Unfortunately, I did not get the job. But the interview experience – and yes, the process, too! – provided me a better understanding of what I needed to do the next time I was in the running for a similar position. And I realize now how lucky I was to sit across the table from three amazing individuals, including a gentleman by the name of Mike Hall, who did some truly amazing things for the site, but also the outlet’s digital brand.
As I drove home from the interview, I kept telling myself that pursuing a career in this field would still be possible. Think positively, Matt – you can do it!
The search for that so-called “initial job out of college” continued for the next few weeks, and eventually, I was able to accept two positions: one with the Pittsfield Colonials, who were an independent baseball team, and another with WEEI.com. Both positions were so helpful in shaping future content for the site you are currently reading – honestly, if it had not been for these two positions, then maybe Noontime Sports would not have lasted more than a year. Who knows?
With the Colonials, I was able to produce some content on the players, as well as the manager, BrianDaubach, too, which I am still unsure if anyone read other than say, my family? While I was an employee of the team, I felt as though I was their in-house journalist with my blog – I am not sure they knew I was producing daily blogs about the team, but it certainly helped me learn a thing or two about being a beat writer.
But one of my fondest memories of telling stories about the Colonials was hosting a weekly podcast with Kevin Tuve, who was the team’s scout. Tuve knows the sport of baseball inside and out – trust me, this guy would be a valued member of any professional scouting department if he was given the chance and was extremely instrumental in helping Pittsfield go from the bottom of the Canadian American Association of Professional Baseball (Can-Am) standings to first place.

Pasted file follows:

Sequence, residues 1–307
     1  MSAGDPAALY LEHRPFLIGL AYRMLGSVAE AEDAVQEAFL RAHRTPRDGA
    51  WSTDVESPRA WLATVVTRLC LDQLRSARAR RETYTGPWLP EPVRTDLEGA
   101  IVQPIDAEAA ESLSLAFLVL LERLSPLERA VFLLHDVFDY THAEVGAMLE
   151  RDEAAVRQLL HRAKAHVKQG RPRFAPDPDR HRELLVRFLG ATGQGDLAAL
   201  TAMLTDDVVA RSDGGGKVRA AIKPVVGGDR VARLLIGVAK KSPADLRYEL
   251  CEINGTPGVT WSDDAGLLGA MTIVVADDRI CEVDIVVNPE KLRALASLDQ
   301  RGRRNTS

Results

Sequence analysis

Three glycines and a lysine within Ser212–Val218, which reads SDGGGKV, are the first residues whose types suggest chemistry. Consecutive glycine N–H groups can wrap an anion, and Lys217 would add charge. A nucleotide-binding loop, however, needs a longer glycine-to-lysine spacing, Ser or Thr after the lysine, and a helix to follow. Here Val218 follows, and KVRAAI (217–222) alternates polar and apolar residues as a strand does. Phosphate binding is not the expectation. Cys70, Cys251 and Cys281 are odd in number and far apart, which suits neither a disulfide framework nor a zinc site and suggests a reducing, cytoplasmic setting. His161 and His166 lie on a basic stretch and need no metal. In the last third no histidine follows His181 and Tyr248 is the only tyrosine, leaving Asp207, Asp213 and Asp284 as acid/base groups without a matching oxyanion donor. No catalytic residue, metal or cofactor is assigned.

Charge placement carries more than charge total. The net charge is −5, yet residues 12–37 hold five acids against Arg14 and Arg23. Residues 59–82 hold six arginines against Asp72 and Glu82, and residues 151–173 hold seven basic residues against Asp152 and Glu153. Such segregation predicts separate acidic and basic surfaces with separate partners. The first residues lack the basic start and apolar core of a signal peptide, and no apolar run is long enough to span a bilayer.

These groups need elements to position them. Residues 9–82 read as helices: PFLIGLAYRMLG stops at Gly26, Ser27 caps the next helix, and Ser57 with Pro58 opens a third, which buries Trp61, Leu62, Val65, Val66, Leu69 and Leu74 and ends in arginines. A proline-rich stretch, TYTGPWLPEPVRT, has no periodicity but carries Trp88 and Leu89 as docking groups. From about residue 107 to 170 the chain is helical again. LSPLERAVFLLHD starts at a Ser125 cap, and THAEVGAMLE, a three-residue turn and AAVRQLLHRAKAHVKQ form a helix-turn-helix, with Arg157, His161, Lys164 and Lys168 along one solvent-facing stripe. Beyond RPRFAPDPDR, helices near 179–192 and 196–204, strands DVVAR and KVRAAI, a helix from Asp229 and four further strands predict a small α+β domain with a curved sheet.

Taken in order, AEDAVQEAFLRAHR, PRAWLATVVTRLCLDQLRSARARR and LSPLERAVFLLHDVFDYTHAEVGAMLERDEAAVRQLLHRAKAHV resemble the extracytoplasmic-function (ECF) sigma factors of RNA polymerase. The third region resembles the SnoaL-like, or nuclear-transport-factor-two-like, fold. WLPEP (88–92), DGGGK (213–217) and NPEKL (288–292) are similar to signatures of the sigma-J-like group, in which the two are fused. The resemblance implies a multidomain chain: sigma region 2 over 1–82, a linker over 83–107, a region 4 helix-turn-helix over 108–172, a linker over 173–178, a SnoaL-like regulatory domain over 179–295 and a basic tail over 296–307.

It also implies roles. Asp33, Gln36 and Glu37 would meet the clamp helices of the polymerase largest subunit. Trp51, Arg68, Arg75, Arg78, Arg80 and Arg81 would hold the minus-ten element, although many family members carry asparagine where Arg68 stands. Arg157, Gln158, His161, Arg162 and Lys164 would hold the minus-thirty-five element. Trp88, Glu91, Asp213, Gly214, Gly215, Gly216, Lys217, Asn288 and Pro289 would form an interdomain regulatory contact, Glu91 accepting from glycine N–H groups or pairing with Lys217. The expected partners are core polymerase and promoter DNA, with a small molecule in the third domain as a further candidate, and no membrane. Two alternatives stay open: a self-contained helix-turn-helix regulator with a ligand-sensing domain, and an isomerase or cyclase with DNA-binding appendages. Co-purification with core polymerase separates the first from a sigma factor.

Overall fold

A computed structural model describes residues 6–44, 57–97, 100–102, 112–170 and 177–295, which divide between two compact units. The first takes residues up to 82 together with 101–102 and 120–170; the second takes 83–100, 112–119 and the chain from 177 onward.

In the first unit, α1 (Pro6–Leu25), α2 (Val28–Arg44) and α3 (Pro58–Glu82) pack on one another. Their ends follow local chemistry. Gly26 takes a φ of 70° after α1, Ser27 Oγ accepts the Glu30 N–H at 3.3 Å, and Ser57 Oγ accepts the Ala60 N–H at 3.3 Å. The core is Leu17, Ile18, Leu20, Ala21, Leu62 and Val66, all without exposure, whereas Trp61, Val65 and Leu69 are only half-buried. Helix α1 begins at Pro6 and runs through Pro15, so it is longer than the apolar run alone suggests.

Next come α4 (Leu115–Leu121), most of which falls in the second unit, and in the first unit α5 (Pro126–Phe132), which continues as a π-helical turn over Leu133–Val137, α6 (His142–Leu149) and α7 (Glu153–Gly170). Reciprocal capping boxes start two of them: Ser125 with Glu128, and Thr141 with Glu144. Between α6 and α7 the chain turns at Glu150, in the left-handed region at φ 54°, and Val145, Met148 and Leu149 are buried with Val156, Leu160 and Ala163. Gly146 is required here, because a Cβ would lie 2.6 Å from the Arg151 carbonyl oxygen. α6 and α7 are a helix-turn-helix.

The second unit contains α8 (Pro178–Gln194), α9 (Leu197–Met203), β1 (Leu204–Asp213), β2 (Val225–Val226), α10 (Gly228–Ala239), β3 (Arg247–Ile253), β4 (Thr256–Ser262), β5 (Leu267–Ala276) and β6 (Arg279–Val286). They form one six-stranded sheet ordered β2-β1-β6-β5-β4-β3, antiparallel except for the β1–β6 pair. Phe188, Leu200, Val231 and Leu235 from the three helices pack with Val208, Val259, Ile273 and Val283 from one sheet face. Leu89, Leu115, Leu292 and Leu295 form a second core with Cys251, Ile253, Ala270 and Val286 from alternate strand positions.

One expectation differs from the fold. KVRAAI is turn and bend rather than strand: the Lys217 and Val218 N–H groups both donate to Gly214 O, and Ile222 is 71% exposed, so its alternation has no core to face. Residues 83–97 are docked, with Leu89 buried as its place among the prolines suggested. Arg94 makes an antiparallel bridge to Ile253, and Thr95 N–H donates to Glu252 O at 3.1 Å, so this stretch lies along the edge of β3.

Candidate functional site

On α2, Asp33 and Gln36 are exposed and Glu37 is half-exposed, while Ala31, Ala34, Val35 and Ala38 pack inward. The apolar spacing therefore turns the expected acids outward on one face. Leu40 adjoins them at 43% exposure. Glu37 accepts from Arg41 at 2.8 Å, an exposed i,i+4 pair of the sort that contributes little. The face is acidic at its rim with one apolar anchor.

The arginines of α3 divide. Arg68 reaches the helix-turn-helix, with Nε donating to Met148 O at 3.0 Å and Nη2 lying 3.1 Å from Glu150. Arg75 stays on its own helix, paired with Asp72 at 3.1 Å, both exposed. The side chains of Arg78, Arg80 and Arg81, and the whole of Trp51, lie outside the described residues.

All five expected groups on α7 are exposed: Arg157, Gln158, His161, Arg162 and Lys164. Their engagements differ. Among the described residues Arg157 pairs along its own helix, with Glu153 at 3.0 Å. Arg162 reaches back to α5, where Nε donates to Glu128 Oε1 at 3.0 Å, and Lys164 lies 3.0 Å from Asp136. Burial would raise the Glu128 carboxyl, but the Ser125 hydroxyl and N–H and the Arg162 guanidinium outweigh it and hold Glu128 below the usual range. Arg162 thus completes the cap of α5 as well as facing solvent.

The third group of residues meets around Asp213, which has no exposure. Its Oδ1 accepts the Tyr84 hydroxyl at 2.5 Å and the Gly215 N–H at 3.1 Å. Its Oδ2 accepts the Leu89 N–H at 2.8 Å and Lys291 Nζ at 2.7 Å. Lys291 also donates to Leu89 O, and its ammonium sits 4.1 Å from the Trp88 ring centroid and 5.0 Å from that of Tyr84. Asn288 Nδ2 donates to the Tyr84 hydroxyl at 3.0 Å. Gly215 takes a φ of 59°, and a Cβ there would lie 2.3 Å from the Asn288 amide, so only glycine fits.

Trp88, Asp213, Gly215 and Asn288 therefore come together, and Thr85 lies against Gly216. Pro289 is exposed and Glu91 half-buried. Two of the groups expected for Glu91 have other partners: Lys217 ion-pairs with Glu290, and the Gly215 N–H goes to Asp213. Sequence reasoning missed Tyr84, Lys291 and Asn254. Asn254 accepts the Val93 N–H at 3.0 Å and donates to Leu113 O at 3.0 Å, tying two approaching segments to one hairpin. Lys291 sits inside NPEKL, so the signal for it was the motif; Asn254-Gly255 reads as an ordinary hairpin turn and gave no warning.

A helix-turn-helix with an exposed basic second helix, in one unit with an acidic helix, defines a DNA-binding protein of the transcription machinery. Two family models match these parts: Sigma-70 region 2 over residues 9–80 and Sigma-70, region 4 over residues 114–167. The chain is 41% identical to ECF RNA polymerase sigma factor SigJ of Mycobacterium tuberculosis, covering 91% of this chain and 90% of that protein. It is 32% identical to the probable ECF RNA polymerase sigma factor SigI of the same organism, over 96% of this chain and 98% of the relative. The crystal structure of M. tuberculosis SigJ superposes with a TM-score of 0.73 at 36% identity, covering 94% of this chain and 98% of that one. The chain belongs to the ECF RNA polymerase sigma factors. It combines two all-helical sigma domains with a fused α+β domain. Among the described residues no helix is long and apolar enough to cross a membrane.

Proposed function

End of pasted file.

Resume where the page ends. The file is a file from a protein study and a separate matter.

With Tuve’s assistance, the team not only won a playoff series but also secured a spot in the championship round. Unfortunately, they would lose to the Québec Capitales but discussing both the series and season with Tuve was something I cherish to this day. The podcasts were usually 30 minutes and also posted into a blog post shortly after the conversation concluded. To me, it felt like talking about a major sports franchise with millions of people listening – did millions listen?
As the summer became the fall, I found myself in a similar position as I was a few months earlier: I needed a job as soon as possible! But while I constantly searched for similar jobs, along with positions a 22-year-old straight out of college was not qualified for, I decided to use the time to produce a post titled the ‘Daily Noontime,’ which has taken on so many different versions since I started it.
The ‘Daily Noontime’ was somewhat similar to a post I did when I was on the clock with WEEI.com as an intern. It was basically the equivalent of a modern-day email blast that linked back to various news stories and videos. And I think people read the post if I recall!